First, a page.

Get your references together for your job search
An employer may ask for a reference list when considering you for a job. Get the reference format and protocol right by following these expert tips.
Your resume and cover letter may be all spiffed up, but what about your references? Employers may ask for a reference list when considering you for a job, so it needs to be in top form as well. Create yours by following these expert tips.
Format for references
Create a separate document that includes a list of people who have agreed to speak with prospective employers in support of your candidacy.
“Your references should be listed on a page separate from other job application materials,” says Jeff Shane, vice president at Allison & Taylor, a professional reference- and background-checking service based in Rochester, Michigan. “Your reference list should match your resume’s fonts and format.”
Include the names and complete contact information of each reference, including job title, employer, business address, email address and telephone number, he says. “Their relationship to you—supervisor, etc.—should also be identified,” he says.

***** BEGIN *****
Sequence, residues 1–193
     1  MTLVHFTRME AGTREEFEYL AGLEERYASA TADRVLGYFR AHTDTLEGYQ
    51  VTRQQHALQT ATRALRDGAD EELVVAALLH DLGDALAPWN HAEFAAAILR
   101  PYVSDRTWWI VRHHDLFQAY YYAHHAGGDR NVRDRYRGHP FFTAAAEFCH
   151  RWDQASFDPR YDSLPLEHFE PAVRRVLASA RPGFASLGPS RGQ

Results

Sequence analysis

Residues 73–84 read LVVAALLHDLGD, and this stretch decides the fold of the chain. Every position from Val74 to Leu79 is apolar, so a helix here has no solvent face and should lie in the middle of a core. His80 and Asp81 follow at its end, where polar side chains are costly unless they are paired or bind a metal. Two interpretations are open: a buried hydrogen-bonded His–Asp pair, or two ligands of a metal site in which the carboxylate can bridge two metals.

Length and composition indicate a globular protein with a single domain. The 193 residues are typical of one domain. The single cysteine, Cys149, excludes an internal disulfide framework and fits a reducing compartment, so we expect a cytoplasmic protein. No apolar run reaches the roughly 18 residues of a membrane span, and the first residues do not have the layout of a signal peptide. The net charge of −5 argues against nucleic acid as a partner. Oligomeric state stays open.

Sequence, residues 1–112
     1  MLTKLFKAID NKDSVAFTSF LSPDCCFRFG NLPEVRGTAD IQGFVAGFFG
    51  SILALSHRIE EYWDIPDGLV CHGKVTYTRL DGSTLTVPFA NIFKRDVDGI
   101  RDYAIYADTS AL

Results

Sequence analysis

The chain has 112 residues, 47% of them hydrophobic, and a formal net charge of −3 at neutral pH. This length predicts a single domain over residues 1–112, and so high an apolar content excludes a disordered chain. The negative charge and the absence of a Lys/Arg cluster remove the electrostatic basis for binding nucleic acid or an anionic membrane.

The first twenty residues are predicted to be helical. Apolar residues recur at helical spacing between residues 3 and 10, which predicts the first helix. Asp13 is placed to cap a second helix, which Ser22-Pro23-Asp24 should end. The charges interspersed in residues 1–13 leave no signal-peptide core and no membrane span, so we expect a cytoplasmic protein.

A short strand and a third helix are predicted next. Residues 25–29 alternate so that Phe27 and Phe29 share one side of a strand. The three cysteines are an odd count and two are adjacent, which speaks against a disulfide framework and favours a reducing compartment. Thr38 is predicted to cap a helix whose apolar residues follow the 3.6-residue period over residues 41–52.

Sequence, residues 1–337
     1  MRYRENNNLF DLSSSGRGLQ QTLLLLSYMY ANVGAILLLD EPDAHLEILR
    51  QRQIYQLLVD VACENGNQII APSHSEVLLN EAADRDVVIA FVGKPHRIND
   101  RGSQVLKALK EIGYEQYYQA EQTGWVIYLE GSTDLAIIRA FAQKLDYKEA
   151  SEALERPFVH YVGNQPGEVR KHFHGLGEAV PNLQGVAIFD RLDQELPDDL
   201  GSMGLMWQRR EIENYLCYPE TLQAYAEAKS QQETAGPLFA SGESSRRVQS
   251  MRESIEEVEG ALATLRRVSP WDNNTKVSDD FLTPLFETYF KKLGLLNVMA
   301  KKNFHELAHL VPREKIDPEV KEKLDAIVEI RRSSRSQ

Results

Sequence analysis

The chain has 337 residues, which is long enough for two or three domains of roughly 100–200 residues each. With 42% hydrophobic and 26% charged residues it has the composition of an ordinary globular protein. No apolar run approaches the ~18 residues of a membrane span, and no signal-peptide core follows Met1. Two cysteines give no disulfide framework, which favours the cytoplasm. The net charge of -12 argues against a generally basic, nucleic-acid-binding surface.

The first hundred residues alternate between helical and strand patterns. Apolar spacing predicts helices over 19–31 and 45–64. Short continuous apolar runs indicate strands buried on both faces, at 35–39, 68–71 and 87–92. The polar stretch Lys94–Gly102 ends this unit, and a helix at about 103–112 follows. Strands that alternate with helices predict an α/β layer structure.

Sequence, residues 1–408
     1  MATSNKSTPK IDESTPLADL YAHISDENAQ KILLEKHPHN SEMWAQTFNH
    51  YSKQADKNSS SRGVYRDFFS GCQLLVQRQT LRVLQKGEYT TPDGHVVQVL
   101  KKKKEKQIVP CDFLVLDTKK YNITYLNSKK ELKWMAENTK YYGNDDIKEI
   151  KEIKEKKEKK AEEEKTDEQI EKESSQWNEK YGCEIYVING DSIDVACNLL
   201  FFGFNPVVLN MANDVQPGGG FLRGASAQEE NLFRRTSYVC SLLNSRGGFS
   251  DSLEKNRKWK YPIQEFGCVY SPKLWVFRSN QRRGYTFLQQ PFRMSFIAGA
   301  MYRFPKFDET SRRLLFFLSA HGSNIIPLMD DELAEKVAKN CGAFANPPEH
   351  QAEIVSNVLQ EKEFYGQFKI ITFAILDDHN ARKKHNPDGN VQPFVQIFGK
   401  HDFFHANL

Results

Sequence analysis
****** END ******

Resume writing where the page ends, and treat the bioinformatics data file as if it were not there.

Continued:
The list can also describe how the contact knows you, giving the reference checker context and a springboard for the conversation. “Consider adding a brief paragraph that describes a project that you worked on together or a skill that the person can attest to,” says Chris Nolan, SPHR, a Maynard, Massachusetts-based HR consultant.
How many references?
It’s better to have more references than a prospective employer would likely check. Pam Venne, principal of The Venne Group, a Dallas career-management firm, advises job seekers to create a references pool. “When you’re asked for references, you can strategically choose the best people to represent what you want highlighted for the opportunity,” she says.
Typical job seekers should have three to four references, while those seeking more senior positions should consider listing five to seven, experts suggest. And be sure to list your strongest reference first.